Before you rip up your checkbook or rush down to pitch in, make sure you get to know the BP Gulf disaster-related charity you’re getting in bed with.
What would happen if BP spilled a bunch of coffee on their conference room table? Pretty much the same thing if they spilled a whole bunch of oil in the Gulf of Mexico. This Upright Citizen’s Brigade theater sketch spoof explores the delicate mapping between the two scenarios, and the delightful comedy that ensues. Kevin Costner’s voice, or a reasonable facsimile, guest stars. NSFW for one naughty word.
BP isn’t too fond of people using search engines to check up on its Gulf of Mexico misadventures. The company has bought up some Google and Yahoo phrases in order to scuttle efforts to find news reports using such words.
In light of recent events, it seems BP’s “blossoming natural gas flower” logo needs an update. A friendly citizen passing by their station at Crosby and Houston in New York has offered this as their suggestion. If this sets off a brainstorm for you, LogoMyWay is hosting an parodic BP logo redesign contest with a $200 prize. (Thanks to GitEmSteveDave!)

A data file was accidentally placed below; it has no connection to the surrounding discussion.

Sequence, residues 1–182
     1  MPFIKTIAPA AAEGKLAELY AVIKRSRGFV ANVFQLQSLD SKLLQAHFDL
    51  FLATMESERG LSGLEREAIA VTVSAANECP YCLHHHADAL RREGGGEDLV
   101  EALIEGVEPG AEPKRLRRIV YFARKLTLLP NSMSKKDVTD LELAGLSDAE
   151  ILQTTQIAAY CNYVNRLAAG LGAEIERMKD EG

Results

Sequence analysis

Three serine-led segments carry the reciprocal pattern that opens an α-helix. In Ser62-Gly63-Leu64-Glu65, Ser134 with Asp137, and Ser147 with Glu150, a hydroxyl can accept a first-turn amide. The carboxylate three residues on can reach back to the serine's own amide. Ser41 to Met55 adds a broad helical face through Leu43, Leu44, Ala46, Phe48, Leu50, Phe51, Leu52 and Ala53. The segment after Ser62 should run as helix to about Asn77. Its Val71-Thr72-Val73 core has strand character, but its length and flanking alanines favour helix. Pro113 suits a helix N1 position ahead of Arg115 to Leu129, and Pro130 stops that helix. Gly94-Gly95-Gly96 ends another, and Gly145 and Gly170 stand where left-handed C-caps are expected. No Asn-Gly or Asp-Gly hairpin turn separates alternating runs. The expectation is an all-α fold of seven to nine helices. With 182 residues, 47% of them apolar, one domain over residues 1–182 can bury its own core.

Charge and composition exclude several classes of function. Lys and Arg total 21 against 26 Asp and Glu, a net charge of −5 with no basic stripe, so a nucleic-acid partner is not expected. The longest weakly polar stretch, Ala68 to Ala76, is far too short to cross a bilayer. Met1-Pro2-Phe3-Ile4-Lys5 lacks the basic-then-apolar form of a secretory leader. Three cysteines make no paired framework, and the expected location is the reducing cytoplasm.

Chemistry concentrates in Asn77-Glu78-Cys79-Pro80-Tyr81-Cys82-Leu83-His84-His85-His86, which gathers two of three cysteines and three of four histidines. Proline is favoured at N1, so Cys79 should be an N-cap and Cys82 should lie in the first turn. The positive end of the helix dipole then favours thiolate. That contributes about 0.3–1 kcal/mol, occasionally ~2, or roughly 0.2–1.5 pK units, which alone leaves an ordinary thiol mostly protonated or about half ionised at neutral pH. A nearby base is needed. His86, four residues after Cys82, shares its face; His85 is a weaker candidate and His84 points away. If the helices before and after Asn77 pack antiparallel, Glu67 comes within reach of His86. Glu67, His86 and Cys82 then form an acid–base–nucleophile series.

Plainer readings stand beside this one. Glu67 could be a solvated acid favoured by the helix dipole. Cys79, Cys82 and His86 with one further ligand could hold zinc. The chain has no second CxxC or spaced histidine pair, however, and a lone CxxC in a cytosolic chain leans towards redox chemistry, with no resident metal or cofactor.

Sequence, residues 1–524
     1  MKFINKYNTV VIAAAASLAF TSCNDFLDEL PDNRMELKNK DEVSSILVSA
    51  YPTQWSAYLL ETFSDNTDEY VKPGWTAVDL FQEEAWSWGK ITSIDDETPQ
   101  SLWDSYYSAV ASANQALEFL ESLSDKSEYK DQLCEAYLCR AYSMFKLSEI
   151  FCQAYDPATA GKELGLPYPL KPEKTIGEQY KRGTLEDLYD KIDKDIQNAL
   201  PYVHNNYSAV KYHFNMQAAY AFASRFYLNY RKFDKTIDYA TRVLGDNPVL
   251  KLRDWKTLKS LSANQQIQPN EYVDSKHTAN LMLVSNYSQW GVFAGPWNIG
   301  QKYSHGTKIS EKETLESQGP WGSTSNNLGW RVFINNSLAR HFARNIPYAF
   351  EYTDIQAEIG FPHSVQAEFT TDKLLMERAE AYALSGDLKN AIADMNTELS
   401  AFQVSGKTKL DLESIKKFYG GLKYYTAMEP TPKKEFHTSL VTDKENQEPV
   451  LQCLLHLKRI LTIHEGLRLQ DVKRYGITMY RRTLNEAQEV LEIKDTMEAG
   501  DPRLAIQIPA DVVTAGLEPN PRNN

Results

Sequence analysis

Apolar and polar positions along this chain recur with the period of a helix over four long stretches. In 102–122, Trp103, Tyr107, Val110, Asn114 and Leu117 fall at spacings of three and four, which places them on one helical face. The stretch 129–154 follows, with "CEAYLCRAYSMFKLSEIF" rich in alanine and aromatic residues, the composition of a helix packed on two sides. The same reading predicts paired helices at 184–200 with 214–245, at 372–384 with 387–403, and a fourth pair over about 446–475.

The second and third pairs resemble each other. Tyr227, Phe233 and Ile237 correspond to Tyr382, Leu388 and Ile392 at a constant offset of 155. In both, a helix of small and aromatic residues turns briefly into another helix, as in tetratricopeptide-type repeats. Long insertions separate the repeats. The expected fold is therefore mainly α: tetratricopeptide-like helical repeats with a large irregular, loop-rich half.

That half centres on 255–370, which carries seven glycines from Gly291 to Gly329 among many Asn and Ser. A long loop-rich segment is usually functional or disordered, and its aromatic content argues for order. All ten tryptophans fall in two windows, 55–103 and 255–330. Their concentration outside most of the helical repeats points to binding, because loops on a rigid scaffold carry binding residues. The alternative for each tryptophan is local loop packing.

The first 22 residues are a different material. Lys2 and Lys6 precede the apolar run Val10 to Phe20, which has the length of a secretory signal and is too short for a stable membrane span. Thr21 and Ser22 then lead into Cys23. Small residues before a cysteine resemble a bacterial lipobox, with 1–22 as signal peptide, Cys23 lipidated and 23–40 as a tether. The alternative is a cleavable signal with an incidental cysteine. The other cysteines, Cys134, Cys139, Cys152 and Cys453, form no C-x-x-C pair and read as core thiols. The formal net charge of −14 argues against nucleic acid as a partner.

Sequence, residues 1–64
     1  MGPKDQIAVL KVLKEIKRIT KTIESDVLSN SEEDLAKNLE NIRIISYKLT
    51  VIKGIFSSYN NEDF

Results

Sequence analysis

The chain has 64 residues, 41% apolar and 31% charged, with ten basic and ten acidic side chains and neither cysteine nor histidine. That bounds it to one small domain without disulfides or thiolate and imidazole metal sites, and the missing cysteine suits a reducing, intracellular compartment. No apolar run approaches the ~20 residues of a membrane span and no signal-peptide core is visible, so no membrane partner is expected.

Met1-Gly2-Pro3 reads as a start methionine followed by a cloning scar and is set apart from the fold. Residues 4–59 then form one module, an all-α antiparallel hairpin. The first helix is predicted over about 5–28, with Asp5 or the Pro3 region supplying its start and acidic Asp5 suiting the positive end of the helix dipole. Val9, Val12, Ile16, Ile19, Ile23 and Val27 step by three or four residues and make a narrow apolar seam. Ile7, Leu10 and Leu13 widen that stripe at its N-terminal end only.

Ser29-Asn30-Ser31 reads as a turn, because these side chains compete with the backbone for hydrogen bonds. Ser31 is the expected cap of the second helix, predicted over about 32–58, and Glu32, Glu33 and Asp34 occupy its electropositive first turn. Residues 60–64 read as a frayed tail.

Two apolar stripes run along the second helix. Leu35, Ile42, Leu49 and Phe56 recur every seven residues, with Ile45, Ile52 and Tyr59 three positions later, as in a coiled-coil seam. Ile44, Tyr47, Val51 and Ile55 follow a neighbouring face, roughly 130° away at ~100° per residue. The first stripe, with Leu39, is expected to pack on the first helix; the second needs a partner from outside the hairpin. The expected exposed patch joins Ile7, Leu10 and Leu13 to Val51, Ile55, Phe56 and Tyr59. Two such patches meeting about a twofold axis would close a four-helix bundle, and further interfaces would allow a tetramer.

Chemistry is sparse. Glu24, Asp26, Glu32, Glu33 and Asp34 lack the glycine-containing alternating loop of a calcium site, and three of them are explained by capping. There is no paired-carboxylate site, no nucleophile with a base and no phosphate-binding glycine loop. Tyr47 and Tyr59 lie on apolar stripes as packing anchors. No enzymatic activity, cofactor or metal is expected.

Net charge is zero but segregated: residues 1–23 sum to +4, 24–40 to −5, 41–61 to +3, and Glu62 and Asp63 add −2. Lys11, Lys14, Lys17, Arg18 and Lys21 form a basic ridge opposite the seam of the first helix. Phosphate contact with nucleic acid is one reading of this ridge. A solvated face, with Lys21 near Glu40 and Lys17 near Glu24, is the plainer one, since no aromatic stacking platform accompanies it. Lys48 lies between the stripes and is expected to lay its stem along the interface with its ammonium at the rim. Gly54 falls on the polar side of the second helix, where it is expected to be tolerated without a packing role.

The bodies of a family of four were found on their couch at the bottom of a crevasse after the area underneath their house suddenly gave way Monday. The culprit was an ancient one, the modern-day after-effects of a 10,000-year old inland sea.
Update 2: Sprint has also announced that it is waiving fees, retroactive to Wednesday. (Thanks to changebumpin!)
Update: MSNBC has updated their article, and they say that AT&T has announced it will waive fees for donations, and apply the exemption retroactively to those who have already donated. (Thanks to Mathew for the heads up.)
It’s nice to have an apartment on a cliff overlooking the ocean — until the cliff decides to stop existing. That’s what is happening to one apartment complex in Pacifica, CA.